“People have been looking for a way to handle session management and management of QoS,” Stevenson says. “HTTP adaptive streaming is a fantastic mechanism as far as it goes, but it doesn’t have a state for managing sessions. By taking over the stream and manifest process we manage the session setup and all the content delivered in real time to make sure end users are getting a cable-like experience.”

This approach represents a big change in how adaptive streaming (AS) works, because it means the device is no longer in control. In unmanaged AS, at the initiation of a video streaming session by any user on any device, the HTTP server sends the device a live manifest file that defines each of the available bit rate profiles for the chosen content.

Throughout the session the device signals which profile should be streamed every few seconds based on what the available access data rate is on the network and how much processing power is available on the device to handle the video stream. Other information can be included in the manifest as well, such as type and source of application the client can expect to see in any given stream fragment or “chunk.”

By assuring the stream adjusts every few seconds to bandwidth conditions AS offers a powerful way to maintain continuity amid fluctuations which otherwise might cause buffering breaks in the stream. But it leaves providers in the dark as to what’s going on at the user end and makes it very difficult to deliver a managed service if every stream has to be tailored to each recipient device as it leaves the transcoder, especially if devices have to be sent special clients to accommodate specific apps such as advertising.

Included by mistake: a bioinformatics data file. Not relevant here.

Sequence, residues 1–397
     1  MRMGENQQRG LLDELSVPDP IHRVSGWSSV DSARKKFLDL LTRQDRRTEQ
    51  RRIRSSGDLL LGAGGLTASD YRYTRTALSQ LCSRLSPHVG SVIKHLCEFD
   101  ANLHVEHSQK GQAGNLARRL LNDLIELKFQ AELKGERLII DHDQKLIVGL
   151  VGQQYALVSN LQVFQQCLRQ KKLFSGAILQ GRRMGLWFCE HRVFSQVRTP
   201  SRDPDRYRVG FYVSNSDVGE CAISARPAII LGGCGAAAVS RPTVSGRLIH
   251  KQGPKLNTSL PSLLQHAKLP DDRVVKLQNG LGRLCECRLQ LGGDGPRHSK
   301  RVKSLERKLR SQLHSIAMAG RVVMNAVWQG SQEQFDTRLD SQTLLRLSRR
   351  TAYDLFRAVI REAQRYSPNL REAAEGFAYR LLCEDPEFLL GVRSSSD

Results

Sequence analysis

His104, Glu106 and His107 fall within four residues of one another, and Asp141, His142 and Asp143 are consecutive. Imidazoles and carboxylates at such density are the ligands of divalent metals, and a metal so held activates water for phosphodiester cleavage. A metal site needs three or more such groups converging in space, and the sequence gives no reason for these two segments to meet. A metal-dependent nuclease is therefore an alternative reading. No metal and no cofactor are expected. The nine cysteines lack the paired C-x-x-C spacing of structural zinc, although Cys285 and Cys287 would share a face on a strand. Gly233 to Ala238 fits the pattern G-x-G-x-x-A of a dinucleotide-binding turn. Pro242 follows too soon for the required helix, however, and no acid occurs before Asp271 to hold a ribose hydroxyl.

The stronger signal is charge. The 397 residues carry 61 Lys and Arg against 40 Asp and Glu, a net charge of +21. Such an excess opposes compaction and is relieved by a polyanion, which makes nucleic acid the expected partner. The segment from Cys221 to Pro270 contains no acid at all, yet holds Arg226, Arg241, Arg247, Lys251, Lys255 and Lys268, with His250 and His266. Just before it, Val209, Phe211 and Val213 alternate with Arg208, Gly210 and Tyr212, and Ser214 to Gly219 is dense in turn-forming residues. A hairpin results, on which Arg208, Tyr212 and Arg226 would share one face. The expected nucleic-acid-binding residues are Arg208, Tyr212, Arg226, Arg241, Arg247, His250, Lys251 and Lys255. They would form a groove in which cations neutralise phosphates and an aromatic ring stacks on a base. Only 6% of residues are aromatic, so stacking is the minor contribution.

Concerns over quality control, personalization and costs have limited the usefulness of multiscreen service, allowing certain types of devices targeted by the transcoders to receive a non-personalized stream of content and making it hard to bring new devices with variant AS and DRM formats into the service mix without spending huge amounts on more processing power at the headend. The SeaWell Spectrum solution has emerged amid internal debates within industry tech circles as to how to address the multiscreen premium service and personalization issues, possibly with cable-specific versions of AS tied to PacketCable Multimedia policy servers or by avoiding AS streaming over the network altogether by relying on home media gateways to perform transcoding and IP formatting on standard MPEG-2 content for distribution to connected devices in the home.